• Anna and the Swallow Man by Gavriel Savit, narrated by Allan Couduner
      12. Larua Inglalls Wilder (Author award) Read one book by author: Nikki Grimes

      Title : ________Dark Sons________________________

      Pura Belpre (Latino Author) ... none of the selections this year are YA titles;
      Batchelder Award (Translated into English) ... none of the selections this year are YA titles


      (See the Printz Challenge tab on the Home Page for the complete list)

      Read all the 2017 Printz Award and Challenge books. Winners will be announced on Jan 23rd.

      Award winner:
      • March, Book Three by John Lewis, Andrew Aydin, illustrated by Nate Powell (Read Nov. 11, 2016)
      Honor books:
      • Asking for It by Louise O'Neill
      • The Passion of Dolssa by Julie Berry (Read May 29, 2016)
      • Scythe by Neal Shusterman (Read Feb. 5, 2017)
      • The Sun is Also a Star by Nicola Yoon (Read January 3, 2017)


        Read the Pulitzer Prize for Fiction each year 
        and catch up on identified books from previous years, only the ones I want to read

        The Underground Railroad
        Colson Whitehead
        Jul '17
        Very thought-provoking.
        The Sympathizer
        Nyugen, Viet
        Sep ‘16
        Deep and thought-provoking while surprisingly humorous.
        All the Light We Cannot See
        Doerr, Anthony
        Aug '15
        My favorite book of 2015.
        The Goldfinch
        Tartt, Donna
        Dec '14
        One of my favorite books of 2014.
        Orphan Master's Son
        Johnson, Adam
        The Snow Child (Runner-up)
        Ivey, Eowyn
        May ‘12
        A Visit from the Goon Squad
        Egan, Jennifer
        Harding, Paul
        Olive Kitteridge
        Strout, Elizabeth
        Mar '10
        A Brief Wondrous Life of Oscar Wao
        Diaz, Junot
        Jan ‘16
        The Road
        McCarthy, Cormac
        Brooks, Geraldine
        Apr '08
        Made me want to re-read Little Women
        Robinson, Marianne
        The Known World
        Jones, Edward
        Evidence of Things Unseen (Finalist)
        Wiggins, Marianne
        Mar ‘11
        What a story. Unforgettable.
        Eugenides, Jeffrey
        Oct '06
        Indescribably good.
        Empire Falls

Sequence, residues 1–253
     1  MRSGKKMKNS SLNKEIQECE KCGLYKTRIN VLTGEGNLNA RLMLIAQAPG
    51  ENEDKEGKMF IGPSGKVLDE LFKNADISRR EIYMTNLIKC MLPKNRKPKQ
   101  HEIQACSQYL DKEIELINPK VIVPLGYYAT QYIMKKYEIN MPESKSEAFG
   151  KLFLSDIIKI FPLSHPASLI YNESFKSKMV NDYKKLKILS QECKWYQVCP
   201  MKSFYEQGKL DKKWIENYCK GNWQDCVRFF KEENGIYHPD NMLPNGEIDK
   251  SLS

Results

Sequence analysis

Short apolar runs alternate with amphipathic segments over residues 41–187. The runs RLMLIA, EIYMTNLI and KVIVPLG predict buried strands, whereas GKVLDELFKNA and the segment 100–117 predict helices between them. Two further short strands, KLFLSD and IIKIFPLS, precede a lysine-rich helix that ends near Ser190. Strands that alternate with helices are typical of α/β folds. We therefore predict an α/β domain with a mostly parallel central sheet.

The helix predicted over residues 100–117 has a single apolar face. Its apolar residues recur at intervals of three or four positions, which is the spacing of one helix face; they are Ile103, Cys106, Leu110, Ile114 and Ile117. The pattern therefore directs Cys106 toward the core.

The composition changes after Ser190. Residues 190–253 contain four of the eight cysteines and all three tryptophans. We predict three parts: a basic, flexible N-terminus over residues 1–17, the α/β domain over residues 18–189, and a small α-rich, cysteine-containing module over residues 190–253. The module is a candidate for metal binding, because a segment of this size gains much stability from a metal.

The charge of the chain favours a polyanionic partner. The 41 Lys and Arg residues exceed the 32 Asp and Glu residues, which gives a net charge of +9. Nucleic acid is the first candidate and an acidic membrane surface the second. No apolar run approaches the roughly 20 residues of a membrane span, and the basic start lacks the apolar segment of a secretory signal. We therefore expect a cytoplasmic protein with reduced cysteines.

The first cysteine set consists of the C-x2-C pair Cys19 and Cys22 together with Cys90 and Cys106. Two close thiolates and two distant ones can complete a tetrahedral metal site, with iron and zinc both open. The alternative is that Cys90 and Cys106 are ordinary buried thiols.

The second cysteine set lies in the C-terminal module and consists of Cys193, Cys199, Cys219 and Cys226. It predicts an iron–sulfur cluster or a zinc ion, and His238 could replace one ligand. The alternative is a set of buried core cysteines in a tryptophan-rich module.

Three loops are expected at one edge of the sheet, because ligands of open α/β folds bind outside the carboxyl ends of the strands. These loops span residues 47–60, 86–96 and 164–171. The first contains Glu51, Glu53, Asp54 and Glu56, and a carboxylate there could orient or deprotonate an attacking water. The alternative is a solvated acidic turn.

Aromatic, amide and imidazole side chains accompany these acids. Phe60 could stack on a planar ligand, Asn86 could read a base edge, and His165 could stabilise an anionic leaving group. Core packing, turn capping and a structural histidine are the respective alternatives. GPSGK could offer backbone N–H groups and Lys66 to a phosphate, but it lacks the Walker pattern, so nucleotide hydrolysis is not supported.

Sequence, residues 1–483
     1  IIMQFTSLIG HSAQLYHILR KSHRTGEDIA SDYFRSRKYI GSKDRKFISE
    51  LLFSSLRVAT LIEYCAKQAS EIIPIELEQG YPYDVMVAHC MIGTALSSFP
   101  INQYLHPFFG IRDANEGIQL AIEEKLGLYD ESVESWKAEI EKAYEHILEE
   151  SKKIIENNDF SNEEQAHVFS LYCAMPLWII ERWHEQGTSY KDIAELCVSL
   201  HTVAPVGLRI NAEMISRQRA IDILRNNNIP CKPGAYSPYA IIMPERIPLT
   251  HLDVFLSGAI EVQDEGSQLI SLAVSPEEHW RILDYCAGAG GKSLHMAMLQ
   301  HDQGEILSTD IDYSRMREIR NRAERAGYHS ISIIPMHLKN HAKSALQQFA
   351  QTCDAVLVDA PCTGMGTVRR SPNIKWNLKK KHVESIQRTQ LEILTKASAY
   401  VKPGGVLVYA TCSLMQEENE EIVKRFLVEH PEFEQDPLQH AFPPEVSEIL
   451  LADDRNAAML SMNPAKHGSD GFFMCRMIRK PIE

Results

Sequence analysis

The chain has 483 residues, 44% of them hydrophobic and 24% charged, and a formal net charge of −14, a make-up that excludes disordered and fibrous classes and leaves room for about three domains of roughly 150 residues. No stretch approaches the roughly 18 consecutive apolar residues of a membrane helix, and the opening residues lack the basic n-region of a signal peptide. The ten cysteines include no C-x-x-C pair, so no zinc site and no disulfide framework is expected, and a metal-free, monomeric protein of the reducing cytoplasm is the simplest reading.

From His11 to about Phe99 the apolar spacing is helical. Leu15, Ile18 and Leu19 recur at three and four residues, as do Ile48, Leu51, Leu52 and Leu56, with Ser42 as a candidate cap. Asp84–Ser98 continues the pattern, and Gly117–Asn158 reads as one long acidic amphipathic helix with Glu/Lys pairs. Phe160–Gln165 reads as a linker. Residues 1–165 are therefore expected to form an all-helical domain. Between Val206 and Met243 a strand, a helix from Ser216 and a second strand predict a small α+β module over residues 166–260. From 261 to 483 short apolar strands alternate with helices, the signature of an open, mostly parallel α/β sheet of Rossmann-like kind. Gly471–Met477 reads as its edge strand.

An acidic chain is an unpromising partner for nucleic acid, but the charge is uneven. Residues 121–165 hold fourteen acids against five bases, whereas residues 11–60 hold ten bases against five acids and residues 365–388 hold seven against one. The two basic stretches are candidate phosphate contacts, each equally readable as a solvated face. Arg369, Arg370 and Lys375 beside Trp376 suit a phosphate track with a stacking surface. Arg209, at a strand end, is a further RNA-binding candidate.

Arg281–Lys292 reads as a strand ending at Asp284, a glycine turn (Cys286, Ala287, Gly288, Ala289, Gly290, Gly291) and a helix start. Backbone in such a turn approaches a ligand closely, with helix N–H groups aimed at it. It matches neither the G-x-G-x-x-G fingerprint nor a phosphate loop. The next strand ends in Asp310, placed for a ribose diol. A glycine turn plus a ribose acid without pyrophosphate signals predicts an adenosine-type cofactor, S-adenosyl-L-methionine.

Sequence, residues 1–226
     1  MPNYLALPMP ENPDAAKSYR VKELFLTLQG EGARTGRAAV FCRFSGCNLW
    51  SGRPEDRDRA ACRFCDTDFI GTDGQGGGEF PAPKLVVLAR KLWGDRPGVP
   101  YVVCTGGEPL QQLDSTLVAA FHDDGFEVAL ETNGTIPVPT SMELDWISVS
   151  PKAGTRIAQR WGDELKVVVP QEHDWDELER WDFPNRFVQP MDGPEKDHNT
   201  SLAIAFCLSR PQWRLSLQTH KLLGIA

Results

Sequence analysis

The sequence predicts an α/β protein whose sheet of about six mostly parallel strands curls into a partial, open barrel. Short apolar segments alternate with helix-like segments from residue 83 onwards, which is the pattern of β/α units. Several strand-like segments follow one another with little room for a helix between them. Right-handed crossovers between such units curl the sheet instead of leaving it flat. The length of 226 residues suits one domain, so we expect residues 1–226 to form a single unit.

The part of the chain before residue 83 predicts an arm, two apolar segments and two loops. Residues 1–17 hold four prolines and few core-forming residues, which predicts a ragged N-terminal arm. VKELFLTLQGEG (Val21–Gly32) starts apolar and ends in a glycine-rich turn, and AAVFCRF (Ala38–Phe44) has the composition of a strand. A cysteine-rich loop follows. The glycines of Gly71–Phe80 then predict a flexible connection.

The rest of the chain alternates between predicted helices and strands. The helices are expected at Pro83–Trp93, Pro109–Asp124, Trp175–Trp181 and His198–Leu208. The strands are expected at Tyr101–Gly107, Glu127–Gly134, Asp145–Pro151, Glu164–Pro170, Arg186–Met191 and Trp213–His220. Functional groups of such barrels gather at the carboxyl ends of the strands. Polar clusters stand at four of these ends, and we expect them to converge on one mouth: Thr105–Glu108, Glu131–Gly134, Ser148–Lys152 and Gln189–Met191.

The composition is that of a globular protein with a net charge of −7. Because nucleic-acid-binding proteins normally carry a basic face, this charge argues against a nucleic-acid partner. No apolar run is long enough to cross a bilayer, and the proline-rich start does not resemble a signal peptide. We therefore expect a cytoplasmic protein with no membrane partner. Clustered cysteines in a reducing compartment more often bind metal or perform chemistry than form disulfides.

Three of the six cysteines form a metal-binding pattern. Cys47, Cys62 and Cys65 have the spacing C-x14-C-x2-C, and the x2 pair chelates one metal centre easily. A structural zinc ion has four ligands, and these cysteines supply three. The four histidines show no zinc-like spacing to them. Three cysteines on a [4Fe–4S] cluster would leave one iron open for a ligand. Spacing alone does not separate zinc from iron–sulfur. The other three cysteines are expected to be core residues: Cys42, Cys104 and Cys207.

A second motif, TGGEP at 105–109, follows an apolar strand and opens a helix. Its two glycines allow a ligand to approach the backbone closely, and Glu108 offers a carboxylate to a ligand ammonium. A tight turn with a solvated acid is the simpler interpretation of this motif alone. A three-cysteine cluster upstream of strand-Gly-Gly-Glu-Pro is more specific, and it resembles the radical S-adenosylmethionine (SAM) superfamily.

Russo, Richard
        Apr '05
        The Amazing Kavalier and Clay
        Charbon, Micahel
        Interpreter of Maladies
        Lahiri, Jhumpa
        Close Range: Wyoming Stories (Finalist)
        Proulx, E. Annie
        A favorite author
        The Hours
        Cunningham, Michael
        The Poisonwood Bible (Finalist)
        Kingsolver, Barbara
        A top ten favorite and so well done.
        Stone Diaries
        Shields, Carol
        Shipping News
        Proulx, Annie
        On my top ten favorites list
        A Thousand Acres
        Smiley, Jane
        Depressing topic
        The Things They Carried (Finalist)
        O’Brien, Tim
        Breathing Lessons
        Tyler, Ann

        Morrison, Toni
        Astonishingly good.
        Lonesome Dove
        McMurty, Larry
        The Color Purple
        Walker, Alice
        Such talent.
        A Confederacy of Dunces
        Toole, John Kennedy
        This book is in a category of its own. Love it!
        Roots (Special Pulitzer)
        Haley, Alex
        This book was a cultural phenomenon
        The Optimist’s Daughter
        Welty, Eudora

        Angle of Repose
        Stegner, Wallace
         I love this author!
        To Kill a Mockingbird
        Lee, Harper
         Can you believe I waited so long to read this classic?
        The Old Man and the Sea
        Hemingway, Ernest
        Read in junior high
        Tales of the South Pacific
        Michener, James
        Apr '17
        I am not a fan of this book.
        The Grapes of Wrath
        Steinbeck, John

        The Yearling
        Rawles, Marjorie Kinna
        Jan ‘16
        Gone with the Wind
        Mitchell, Margaret
        For many years this was my favorite book
        The Good Earth
        Buck, Pearl S.
        Read in high school
        The Bridge of San Luis Rey
        Wilder, Thorton

        So Big
        Ferber, Edna

        Age of Innocence
        Wharton, Edith
        Apr ‘16
        A delight